By extension, Dr. Sacks also inadvertently explained why Dalcroze methodology can be so effective and powerful: it allows us to move past our self-consciousness, fears, discomfort with developing technical skills, and inhibitions by tapping into our innate wiring for music making.


Furthermore, the field of music therapy exists because of its usefulness as a tool for physical and emotional healing. In the chapter, "Keeping Time: Rhythm and Movement," Dr. Sacks shared two examples of the way in which the rhythm of music allowed himself and a patient to transcend physical injuries and "remember" how to move and respond. Dr. Sacks "rowed" himself down a mountain after seriously injuring his leg in a skiing accident by mentally singing and moving to "The Volga Boatmen's Song"; and he overcame the challenge of re-training his injured leg to walk by mentally hearing and focusing on the rhythm of the Mendelssohn Violin Concerto in E Minor. His patient, whose massive brain tumor took away his memory, spontaneity, and most of his ability to respond, "came to life" at a Grateful Dead concert, shouting and chanting the name of one of his favorite songs, and moving and clapping to the music with the rest of the audience.

So if movement and music can have a profound effect on the injured, what might we accomplish with those who have no significant physical or mental challenges? I have witnessed senior adult beginners with no prior musical training perform black-key improvisations with a perfect sense of steady pulse at the end of their very first piano class because we began the class with Dalcroze Eurhythmics exercises and reinforced the rhythm of every piece with physical movement. Perhaps even more satisfying were the looks of joy, pride, and amazement on the faces of the students as they left the classroom.

Following are some Dalcroze exercises I have successfully used with college-age students and older adult beginners. The exercises are organized by space requirements.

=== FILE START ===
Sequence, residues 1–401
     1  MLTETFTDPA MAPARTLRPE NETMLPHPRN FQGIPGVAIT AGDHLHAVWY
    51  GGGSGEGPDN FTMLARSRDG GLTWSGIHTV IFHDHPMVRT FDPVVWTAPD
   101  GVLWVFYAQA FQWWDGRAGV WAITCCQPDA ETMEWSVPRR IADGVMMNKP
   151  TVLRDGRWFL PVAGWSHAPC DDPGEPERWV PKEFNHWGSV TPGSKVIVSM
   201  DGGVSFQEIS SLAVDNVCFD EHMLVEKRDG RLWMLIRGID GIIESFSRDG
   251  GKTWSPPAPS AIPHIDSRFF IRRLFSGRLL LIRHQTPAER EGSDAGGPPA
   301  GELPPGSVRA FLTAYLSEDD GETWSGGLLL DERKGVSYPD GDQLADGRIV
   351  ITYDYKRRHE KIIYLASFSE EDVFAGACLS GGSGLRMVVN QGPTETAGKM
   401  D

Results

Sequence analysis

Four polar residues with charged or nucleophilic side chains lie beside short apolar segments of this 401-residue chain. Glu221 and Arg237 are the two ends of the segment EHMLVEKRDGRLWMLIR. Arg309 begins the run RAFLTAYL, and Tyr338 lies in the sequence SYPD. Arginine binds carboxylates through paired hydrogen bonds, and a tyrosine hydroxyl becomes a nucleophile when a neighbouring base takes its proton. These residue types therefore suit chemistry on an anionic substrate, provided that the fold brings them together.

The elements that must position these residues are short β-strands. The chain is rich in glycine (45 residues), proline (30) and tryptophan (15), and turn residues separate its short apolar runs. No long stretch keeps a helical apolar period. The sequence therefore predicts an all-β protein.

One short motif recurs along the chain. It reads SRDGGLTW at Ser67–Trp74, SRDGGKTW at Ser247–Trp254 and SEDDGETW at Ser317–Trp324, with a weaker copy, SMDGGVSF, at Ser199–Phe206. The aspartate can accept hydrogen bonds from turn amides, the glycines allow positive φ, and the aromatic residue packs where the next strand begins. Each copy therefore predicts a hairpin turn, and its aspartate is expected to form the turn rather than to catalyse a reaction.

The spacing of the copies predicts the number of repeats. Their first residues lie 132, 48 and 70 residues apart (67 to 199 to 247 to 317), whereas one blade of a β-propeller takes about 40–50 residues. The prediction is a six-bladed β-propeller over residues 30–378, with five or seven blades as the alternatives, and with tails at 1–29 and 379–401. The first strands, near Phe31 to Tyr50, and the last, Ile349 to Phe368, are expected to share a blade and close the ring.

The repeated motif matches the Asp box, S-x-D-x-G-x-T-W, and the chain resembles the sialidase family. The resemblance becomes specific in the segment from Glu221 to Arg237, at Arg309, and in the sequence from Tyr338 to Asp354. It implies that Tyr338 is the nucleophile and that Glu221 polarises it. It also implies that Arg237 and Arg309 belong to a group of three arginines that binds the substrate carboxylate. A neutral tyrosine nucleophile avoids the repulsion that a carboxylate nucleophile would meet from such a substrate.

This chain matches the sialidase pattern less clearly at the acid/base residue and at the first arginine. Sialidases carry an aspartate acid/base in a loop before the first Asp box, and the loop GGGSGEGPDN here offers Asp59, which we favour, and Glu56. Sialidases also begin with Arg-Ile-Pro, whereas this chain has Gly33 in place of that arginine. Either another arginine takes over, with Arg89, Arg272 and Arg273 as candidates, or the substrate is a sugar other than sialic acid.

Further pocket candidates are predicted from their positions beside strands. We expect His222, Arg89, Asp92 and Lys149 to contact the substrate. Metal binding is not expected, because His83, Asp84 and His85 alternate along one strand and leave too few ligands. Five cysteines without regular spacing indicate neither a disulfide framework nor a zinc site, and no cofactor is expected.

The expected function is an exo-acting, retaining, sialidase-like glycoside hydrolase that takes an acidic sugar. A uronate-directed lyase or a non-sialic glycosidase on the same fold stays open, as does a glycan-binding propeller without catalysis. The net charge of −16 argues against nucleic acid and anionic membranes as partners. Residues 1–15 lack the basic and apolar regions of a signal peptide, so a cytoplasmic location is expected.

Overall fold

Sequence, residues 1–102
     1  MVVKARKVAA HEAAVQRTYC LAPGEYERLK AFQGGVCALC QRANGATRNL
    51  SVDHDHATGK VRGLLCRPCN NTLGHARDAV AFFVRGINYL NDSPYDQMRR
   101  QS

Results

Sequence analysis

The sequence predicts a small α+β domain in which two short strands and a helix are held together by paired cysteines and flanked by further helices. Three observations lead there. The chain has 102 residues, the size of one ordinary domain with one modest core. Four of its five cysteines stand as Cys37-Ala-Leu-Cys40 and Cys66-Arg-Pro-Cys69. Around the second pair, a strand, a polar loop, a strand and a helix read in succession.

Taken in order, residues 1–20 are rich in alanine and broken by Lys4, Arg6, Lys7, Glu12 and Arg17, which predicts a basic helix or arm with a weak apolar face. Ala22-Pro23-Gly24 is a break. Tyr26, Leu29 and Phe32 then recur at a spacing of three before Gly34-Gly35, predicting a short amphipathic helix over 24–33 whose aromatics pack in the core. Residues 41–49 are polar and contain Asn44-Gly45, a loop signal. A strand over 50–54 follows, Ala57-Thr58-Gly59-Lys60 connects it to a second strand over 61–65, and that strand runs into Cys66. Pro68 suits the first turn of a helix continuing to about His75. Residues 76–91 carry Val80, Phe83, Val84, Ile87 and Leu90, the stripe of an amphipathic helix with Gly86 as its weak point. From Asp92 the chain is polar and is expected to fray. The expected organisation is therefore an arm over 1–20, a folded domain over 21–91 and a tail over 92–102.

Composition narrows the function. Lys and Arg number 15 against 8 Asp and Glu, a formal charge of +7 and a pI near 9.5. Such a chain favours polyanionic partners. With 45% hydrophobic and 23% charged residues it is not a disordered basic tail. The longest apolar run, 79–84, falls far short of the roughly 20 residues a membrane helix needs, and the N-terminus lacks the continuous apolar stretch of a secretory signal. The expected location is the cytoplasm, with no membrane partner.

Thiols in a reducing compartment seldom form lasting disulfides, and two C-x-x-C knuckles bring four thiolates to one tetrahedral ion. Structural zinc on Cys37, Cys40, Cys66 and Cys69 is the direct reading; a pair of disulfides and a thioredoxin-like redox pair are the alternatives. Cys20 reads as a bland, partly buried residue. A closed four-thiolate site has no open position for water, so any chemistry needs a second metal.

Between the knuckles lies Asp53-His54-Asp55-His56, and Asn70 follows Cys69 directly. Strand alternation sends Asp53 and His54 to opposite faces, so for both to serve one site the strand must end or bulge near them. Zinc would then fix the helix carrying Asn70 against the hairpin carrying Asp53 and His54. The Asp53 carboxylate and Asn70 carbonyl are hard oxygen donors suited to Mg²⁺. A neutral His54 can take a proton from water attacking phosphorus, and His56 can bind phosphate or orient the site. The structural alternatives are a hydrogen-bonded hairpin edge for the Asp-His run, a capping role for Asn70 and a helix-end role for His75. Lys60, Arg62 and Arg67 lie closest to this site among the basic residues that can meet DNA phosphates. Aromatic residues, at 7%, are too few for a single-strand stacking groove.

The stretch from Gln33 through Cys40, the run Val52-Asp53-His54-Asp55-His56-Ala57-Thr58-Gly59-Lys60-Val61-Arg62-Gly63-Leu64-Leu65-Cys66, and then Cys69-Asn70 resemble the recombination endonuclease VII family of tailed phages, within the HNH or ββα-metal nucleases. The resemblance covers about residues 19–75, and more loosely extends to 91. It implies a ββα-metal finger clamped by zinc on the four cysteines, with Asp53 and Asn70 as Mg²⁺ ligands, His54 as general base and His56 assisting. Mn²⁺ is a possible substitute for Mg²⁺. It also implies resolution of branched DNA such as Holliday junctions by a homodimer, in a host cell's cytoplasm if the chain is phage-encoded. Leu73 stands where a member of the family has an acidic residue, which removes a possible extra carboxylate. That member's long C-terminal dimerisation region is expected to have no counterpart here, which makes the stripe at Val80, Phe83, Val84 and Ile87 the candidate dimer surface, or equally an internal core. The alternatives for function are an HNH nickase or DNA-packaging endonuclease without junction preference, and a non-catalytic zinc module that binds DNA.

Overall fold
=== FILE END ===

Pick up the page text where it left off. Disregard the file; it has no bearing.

Exercises for Large Spaces
Explore the room: Leader directs members of the group to:

  • Walk steadily around the room to explore the space
  • Walk in the opposite direction
  • Notice room contents while walking and trace them quickly in the air with a hand\
  • Trace contents with the other hand while walking
  • Leader notices the pace at which the group is walking and begins to add music (can be improvisation, folk song, or common song such as "When the Saints Go Marching In," or other repertoire with a steady pulse; common time is good for initial experiences)
  • Leader directs the group to stop tracing and stop walking when the music stops; resume walking when the music resumes
  • Leader instructs the group to stop when the music stops and clap the beat they were walking; stop clapping and resume walking when the music resumes

Goals: Coordinating visual, aural, and kinesthetic senses; listening and responding to commands; internalizing pulse; flexibility; ensemble; cooperation; primordial binding; and functioning as part of a collective

Experiencing rhythms with a partner (can initially be done individually): Leader directs members of the group to:

  • Link an arm with a partner and step to the pulse of the music (improvised music is best to allow the establishment of a regular rhythm pattern that may be repeated and changed at will)
  • Randomly explore the room (as the group begins walking in a circle around the piano)
  • Move in the opposite direction
  • Continue stepping the pulse and clap non-linked hands to the rhythm of the leader's right hand (treble) part
  • Leader changes the right hand rhythm pattern once the group hears and successfully claps the previous pattern
Goals: Coordinating visual, aural, and kinesthetic senses; listening and responding to commands; internalizing pulse; hearing and responding to rhythm patterns; responding to changes in rhythm patterns; flexibility/ multi-tasking; ensemble

Experiencing meter: Leader directs members of the group to:
  • Step the pulse of the music and reflect the difference in weight of beats within a measure by stepping heavily on the downbeat (crusis), lighter on weaker beats (metacrusis), and lift off the heel onto the ball of the foot for the upbeat (anacrusis)
  • Randomly explore the room while stepping the meter